3 Tips for More Successful Winter Angling
There is no doubt that winter fishing can provide some of the most extreme conditions that we anglers could ever face. Bitter cold, gale force winds, and frozen reels are all brushed aside in our endless and sometimes fruitless efforts for a tug. Over the years I have fine-tuned the way I approach my winter fishing, increasing the productivity while reducing the potential frustrations. These are my top 3 tips to improve your wintertime angling sessions.
1. Pack less gear
While multiple boxes of flies, various tippet material, and all the gadgets may seem nice to have at first, having to haul all this gear along the river may leave you thinking otherwise. Keep your wintertime packing to a minimum, transporting only the most necessary gear. For me, that is coffee, food, extra gloves, and a spare reel. Packing a spare reel has saved me many times, and will quickly save the day if you find your reel has decided to take a swim in sub zero temperatures. In regards to flies, I primarily stick with winter-time standards for Alaska such as sculpins and leeches. Something meaty enough for a fish to justify burning the energy to chase it down. There is no need to get complicated with your fly selection. Sticking with these known favorites will allow you to spend more time not just fishing, but fishing confidently.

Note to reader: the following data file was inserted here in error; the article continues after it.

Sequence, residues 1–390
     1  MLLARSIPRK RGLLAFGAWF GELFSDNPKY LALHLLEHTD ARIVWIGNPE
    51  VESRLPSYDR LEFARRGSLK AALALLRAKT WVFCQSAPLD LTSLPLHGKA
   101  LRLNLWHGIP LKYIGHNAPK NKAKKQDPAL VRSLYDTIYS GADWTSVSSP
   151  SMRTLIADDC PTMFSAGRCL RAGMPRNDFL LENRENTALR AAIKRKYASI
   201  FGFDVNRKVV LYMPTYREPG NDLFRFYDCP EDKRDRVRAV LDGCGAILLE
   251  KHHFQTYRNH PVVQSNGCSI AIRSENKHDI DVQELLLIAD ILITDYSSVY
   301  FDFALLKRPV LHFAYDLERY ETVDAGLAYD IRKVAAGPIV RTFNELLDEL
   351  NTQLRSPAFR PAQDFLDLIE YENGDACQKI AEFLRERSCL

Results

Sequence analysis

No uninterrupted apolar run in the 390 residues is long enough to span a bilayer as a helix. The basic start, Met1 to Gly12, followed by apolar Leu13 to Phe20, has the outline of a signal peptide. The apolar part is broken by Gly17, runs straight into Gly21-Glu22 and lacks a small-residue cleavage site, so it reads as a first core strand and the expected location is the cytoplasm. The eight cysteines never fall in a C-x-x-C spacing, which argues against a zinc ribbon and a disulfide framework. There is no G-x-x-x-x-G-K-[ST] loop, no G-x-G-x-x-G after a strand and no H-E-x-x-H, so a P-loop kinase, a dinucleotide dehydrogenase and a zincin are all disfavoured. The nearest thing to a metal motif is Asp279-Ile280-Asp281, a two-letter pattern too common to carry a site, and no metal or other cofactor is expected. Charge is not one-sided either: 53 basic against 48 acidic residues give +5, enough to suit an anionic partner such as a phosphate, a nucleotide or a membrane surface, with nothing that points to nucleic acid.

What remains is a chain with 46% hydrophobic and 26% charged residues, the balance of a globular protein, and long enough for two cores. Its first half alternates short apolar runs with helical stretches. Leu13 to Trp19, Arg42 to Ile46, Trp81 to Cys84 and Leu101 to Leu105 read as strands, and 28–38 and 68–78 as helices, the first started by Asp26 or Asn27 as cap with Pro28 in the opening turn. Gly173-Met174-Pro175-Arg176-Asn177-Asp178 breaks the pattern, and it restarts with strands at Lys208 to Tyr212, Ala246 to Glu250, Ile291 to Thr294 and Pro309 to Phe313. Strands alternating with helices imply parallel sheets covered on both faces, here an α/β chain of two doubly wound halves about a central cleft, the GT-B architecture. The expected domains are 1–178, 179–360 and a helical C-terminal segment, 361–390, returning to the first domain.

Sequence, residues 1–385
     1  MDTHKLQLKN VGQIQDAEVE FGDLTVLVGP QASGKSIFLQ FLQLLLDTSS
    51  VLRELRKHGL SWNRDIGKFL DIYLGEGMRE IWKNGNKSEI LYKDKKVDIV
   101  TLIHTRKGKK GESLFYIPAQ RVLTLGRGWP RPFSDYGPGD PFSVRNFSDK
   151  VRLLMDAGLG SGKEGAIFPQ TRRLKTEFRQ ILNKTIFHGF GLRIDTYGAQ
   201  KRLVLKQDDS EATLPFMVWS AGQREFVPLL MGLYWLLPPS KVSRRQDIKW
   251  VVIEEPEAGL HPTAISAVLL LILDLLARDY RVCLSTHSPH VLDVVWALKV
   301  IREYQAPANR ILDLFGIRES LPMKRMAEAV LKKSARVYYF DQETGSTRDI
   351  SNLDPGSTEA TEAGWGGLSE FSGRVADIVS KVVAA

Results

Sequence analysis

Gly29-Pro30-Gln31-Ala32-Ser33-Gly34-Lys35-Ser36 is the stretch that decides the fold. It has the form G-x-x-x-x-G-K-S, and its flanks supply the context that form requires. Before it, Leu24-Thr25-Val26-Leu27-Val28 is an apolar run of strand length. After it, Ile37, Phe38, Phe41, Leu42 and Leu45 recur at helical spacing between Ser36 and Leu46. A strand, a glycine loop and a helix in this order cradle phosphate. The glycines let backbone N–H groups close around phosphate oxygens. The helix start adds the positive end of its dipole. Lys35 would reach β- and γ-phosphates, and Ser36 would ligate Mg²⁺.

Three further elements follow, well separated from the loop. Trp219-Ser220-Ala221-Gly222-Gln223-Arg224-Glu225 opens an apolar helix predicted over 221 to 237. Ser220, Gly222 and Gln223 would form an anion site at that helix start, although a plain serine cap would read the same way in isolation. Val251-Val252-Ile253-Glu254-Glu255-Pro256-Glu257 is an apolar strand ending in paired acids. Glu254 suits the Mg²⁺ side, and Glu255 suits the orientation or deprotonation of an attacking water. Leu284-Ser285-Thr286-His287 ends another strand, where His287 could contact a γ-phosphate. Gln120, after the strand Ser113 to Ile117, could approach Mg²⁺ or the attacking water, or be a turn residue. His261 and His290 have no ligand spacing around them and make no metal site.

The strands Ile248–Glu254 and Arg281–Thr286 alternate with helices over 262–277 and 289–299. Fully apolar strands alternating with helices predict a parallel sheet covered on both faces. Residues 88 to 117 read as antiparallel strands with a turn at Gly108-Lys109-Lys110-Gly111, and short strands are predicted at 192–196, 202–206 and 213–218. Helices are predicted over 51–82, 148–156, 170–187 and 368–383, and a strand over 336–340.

2. Find the Prime Lie
Winter water temperatures without a doubt cause a change in the location and the feeding activity of resident trout. With fewer food sources rolling around down there, fish are forced to make a decision. Move to an easier location (lake) or hunker down and find the rivers most prime lie. What I'm saying here is that you don't want to waste your time in mediocre water. Productive locations in the summer may not equate to success late into the year. Head to a place where the fish can feed most effectively. Ledges, seam lines, and submerged gravel bars all fit the bill.
3. Fish The Water Thoroughly
The biggest sin that I see winter anglers commit is fishing fast. Don't assume that covering more water means finding more fish. Cold weather generally causes the trout to be less active, and a very accurate approach is needed. Fish will not move far to jump on your presentation, so consistently monitoring your depth and speed is crucial. Active fish during the winter are usually few and far between, so make sure you are putting the fly where it needs to be on each and every drift.
Lee Kuepper is professional guide now calling the Kenai River home. He is a co-owner of Alaska's Angling Addiction, chasing the Kenai's monster kings and fabled trout on a regular basis. He is also a member of Loop USA's prostaff and a Certified Fly Casting Instructor through the FFF.